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book review: The “Food Matters” Cookbook

21 Sep

I have been coveting The Food Matters Cookbook: 500 Revolutionary Recipes for Better Living, by Mark Bittman, for a while, and I got it for my birthday. I’ve used it for a few weeks now, so I guess it’s time for my review.

For the most part, I like it. It contains a lot of how-to-cook ideas and bits about technique, in the recipe instructions sections. It’s simple and descriptive. My biggest peeve is that it doesn’t contain pictures, although I can understand why (it’s already a hefty book with just the text). The dishes I’ve made have been good, and it’s given me some great ideas for lunches and breakfasts, which are the hardest for me to keep interesting.

In theory, I’d also like calorie counts, but in practice, these recipes are so flexible that it would be sort of pointless to include those. Bittman’s recipes are basic plans, not prescriptive or fussy blueprints. He includes plenty of choices and variations for almost every recipe. This approach encourages the use of seasonal produce, which I like.

This cookbook is aimed at readers who have read Bittman’s more argumentative book, Food Matters: A Guide to Conscious Eating with More Than 75 Recipes. I like both of these books very much, and I recommend them both. If you’re not interested in reading about food, though–you just want the recipes and that’s it–there’s no reason you can’t get the cookbook alone. The basic philosophy is simple, and it’s covered in the cookbook as much as it needs to be in order for you to understand it.

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quick overview: the glycemic index

16 May

Since many of the most-recommended eating plans for PCOS patients are based on the idea of glycemic response, I thought it might be a good idea to discuss a couple of things about the glycemic index (and debunk a couple of other myths). Here are a few basic facts about glycemic response, the glycemic index, and how this idea can help you eat better and reduce your PCOS symptoms.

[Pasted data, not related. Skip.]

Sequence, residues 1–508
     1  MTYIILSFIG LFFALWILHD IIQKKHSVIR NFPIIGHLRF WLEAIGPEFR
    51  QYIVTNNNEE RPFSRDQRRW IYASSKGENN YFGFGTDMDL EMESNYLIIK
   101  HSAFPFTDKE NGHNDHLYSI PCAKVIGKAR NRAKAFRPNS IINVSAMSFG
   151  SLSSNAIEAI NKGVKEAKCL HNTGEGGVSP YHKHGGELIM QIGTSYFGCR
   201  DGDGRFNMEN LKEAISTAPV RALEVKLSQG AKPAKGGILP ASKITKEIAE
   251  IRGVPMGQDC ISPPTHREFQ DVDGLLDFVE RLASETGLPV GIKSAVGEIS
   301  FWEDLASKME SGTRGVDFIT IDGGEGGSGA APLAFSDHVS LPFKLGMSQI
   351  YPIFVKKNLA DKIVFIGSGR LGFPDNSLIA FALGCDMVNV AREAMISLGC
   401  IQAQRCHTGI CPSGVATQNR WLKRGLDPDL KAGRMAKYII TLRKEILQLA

Basics

The glycemic index is a measure of the effects of a certain kind of carbohydrate on blood sugar. Foods with a high GI are the sugars and simple starches that make your blood sugar spike and then plummet (all of those baked goods we love), plus things like potatoes (although these are not as bad as some people have suggested!), and juices or sodas or other sugary drinks. Lower-GI starches include whole grains, beans, some kinds of vegetables, or certain kinds of breads like pumpernickel or rye.

When you hear about “good carbs” vs. “bad carbs,” the difference is the GI. Higher-GI foods set up a number of bad outcomes: the spike in blood sugar causes increased hunger and cravings when it bottoms out, and this eating pattern–over time–can wear out your pancreas, raising your risk of diabetes (especially if you are already insulin resistant, which many PCOS patients are).

In other words, the lower-GI carbohydrates fuel your body without causing drastic ups and downs in your blood sugar–which makes you feel better and is easier on your pancreas. (Eating those lower-GI carbohydrates instead of the sugary or starchy foods can also help you lose weight, especially if insulin resistance is at the root of your difficulties.)

What to Eat
The best books on the glycemic index don’t advocate a radical eating plan. Rather, they mostly suggest reducing carbohydrate portion size and exchanging high-GI carbs for low-GI ones. You can easily find lists of foods by GI on the internet, but it’s really mostly simple (with a few surprises, such as the variation in GI between types of rice). Just choose whole grains, less-processed carbohydrates, and more vegetables instead of starches. (Hey, I said it was simple, not easy.)

The Glycemic Load
You might also hear doctors or nutritionists discussing the glycemic load. This is basically a formula for how much carbohydrate is in a food, multiplied by its GI. The reason it’s useful is that some foods have a high GI, but don’t contain that much carbohydrate, so they don’t affect your blood sugar much. (Carrots are the classic example here.) A food that has a high GI but is low in overall carbohydrate is usually a good choice to eat.